BLP has been searching for a suitable merger since last spring, signalled by the election of Lisa Mayhew as managing partner. Having rejected a UK merger with Olswang in late 2015, US firms Morrison & Foerster, Holland & Knight and Covington & Burling have also been mentioned as potential suitors. Greenberg Traurig on the other hand have never merged with another law firm, achieving such phenomenal levels of growth organically. Any merger would be subject to a partner vote from both firms.
Credit Suisse face gloomy outlook
Credit Suisse featured heavily in the news this week, most significantly for the sharp falls in profit they experienced in the fourth quarter of 2015. Their global markets division lost $3.5bn in Q4 and the bank reported their first full year loss since 2008 to be CHF2.44bn, a loss that was 16.7 per cent greater than anticipated.
These bleak results have caused Credit Suisse’s shares to fall by a whopping 13 per cent on Thursday, which saw them at their lowest value since 1991. It has sparked their decision to accelerate plans for a costs savings programme, which will involve cutting 4,000 jobs as well as seeing bonuses in the investment banking division slashed by as much as 36 per cent. The bank will stick to their strategy of shifting the focus onto wealth management and emerging markets, whilst continuing to cut costs in investment banking in an attempt to save CHF3.5bn by 2018.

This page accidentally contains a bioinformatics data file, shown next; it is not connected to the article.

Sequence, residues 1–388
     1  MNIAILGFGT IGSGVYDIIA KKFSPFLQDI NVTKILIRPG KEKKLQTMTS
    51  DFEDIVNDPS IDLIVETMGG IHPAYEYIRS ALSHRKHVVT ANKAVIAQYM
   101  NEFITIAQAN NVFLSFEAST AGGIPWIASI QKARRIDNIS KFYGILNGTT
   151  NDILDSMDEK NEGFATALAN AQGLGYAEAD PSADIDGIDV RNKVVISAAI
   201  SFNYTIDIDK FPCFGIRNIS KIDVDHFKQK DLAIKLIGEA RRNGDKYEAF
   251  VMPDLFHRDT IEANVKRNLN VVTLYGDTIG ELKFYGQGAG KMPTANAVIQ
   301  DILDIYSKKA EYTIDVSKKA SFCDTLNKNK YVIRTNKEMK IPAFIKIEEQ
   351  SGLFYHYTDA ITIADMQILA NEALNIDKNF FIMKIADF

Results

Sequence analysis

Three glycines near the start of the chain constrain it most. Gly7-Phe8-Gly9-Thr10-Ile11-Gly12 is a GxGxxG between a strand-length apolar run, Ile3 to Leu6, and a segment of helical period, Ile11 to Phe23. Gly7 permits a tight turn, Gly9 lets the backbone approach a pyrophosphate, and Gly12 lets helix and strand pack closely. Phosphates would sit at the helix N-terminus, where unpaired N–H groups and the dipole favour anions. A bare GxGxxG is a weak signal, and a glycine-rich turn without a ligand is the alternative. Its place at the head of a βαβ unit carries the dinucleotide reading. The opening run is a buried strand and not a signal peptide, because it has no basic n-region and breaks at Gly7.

The figures reported are a consequence of the torrid market conditions global banks have been facing. Swiss rivals UBS have also published their discouraging Q4 earnings and revealed its wealth management business experienced net outflows of CHF3.4bn, whilst Deutsche Bank’s securities unit also slipped into a loss in the fourth quarter. It has been a hard hit for the banking sector and Credit Suisse CEO Tidjane Thiam stated market liquidity, the sharp decline in oil prices and widening credit spreads as some of the destructive qualities to have shaped the market in Q4 and expects these challenging conditions will persist.